Page:The Visit of Charles Fraser to the Swan River in 1827.djvu/20

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16

voice is more plaintive than that of the white cockatoo. It feeds on the roots of orchideous plants, to obtain which it scratches the ground to a considerable depth.

"While attending to a boat in the river, which the party was dragging over the mud, I distinctly heard the bellowing of some huge animal, similar to that of an ox, proceeding from an extensive marsh further up the river[1]. (Could this be the dugong of the French?)

"Immediately afterwards, I was visited by three natives, armed; they made signs for me to depart, but offered no violence. On hearing the voices of the party they retired in the woods.

"One mile up the river from the last point is a small creek[2] of fresh water, issuing from an extensive lagoon clothed with arborescent species of Metrosideros of great beauty. The banks are covered with the most interesting plants, amongst which I observed two species of Calytris, a species of Acacia[3] with a scolopendrous-stem, and several Papilionaceous plants. The Angophoras on the flats are gigantic. These flats are formed of tolerable loam, of great depth, and capable of producing fair crops.

"The Zamia seen from the islands was here observed to attain the height of 30 feet. Xanthorrhœa arborea, too, was of equal size, and, associated with the splendid Banksias, imparted to the forest a character perfectly tropical.

"I was astonished at observing the facility with which water was obtained in this apparently sterile tract, for on digging to a depth of 3 feet it was found in abundance, and of the best quality.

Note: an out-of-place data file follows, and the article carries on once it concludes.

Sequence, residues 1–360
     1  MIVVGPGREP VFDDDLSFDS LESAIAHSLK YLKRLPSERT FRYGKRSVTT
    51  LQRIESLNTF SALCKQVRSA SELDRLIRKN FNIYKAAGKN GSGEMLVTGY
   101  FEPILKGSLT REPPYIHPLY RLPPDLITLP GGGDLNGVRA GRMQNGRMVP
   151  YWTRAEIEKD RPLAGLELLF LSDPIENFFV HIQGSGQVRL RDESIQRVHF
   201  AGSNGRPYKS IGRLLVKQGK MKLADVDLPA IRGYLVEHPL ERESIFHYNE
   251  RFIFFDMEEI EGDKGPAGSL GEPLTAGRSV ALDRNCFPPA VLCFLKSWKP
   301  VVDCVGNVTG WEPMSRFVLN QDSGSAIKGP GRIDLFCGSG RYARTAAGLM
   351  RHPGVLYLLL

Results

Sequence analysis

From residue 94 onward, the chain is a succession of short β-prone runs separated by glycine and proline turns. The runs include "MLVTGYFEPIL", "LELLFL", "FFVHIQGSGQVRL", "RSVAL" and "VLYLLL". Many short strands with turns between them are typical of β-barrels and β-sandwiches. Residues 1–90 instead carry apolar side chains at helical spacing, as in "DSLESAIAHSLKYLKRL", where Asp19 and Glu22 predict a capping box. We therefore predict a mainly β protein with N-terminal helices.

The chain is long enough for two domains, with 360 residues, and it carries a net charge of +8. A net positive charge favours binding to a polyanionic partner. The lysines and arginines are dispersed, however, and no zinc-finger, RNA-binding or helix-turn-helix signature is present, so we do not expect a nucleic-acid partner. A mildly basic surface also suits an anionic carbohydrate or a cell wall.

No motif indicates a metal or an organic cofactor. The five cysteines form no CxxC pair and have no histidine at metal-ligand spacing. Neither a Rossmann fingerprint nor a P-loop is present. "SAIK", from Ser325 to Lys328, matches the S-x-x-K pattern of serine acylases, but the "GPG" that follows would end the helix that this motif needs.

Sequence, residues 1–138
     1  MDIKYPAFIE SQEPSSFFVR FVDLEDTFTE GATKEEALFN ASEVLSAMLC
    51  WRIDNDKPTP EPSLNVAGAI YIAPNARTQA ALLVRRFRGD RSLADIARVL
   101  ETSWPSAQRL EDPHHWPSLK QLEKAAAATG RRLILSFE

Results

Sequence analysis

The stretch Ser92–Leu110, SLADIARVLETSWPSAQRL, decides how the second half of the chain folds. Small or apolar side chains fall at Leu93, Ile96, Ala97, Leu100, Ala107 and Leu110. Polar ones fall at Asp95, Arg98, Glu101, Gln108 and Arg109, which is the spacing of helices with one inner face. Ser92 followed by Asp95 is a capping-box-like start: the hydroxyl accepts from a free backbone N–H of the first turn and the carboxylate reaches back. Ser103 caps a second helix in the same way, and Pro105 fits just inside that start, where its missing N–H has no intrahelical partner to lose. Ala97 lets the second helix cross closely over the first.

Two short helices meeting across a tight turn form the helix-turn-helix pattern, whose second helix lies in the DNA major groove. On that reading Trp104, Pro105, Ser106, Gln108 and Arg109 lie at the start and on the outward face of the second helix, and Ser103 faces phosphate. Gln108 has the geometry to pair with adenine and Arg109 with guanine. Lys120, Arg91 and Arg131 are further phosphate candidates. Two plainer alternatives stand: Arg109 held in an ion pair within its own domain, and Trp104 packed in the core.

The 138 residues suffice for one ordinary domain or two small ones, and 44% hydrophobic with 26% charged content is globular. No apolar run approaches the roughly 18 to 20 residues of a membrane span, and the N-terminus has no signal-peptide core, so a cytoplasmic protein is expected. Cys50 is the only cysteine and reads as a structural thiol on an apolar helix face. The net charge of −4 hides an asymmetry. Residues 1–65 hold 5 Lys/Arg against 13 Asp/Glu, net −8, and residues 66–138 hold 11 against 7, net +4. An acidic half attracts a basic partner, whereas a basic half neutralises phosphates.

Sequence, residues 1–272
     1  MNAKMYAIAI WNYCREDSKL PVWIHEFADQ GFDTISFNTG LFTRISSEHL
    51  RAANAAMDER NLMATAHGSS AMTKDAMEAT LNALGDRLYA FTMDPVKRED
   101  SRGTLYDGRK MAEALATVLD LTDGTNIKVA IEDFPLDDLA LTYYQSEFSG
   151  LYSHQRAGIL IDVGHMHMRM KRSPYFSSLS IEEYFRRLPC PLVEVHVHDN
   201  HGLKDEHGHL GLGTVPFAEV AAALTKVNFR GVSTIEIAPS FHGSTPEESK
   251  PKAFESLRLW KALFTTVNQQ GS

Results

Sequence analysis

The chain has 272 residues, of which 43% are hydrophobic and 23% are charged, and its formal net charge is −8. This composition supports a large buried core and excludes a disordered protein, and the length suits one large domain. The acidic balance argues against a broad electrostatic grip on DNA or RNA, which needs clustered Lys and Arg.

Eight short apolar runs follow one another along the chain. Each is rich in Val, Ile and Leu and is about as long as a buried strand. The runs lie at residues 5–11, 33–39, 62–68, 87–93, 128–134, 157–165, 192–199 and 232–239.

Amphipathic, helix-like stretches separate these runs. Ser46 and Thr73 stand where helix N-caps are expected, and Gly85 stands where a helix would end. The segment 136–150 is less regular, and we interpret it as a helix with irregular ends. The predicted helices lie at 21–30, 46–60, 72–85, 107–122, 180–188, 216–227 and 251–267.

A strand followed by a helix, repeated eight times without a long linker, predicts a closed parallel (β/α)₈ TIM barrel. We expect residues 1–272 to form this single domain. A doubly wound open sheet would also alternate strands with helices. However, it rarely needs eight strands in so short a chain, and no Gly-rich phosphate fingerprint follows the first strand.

"Proceeding up the river from the above-mentioned creek, the country assumes a distinct appearance from that seen below. On the left is an extensive marsh[4], bordered by thickets of Casuarina surrounded by a flat of the richest description, rivalling in point of soil that of the Hawkesbury. Here I first observed the Brome, or kangaroo-grass of New South Wales, in great luxuriance (with the exception of some seen on the banks at Point Fraser). Bastard and blue gum[5] is seen here in considerable quantities and of great size. The opposite bank is high, and covered with Eucalyptus and Banksia. The soil is a light sandy loam.


  1. This would not be very far from the lair of the animal that so startled Mons. Heirisson's party in 1801.
  2. Claise Brook. Now the main sewer of Perth, the site of the septic tank treatment of sewage.
  3. Acacia diptera.
  4. Walter's Brook, named by Stirling after his uncle. This is now the city boundary, dividing Perth from Maylands.
  5. May refer to the flooded gums of this State.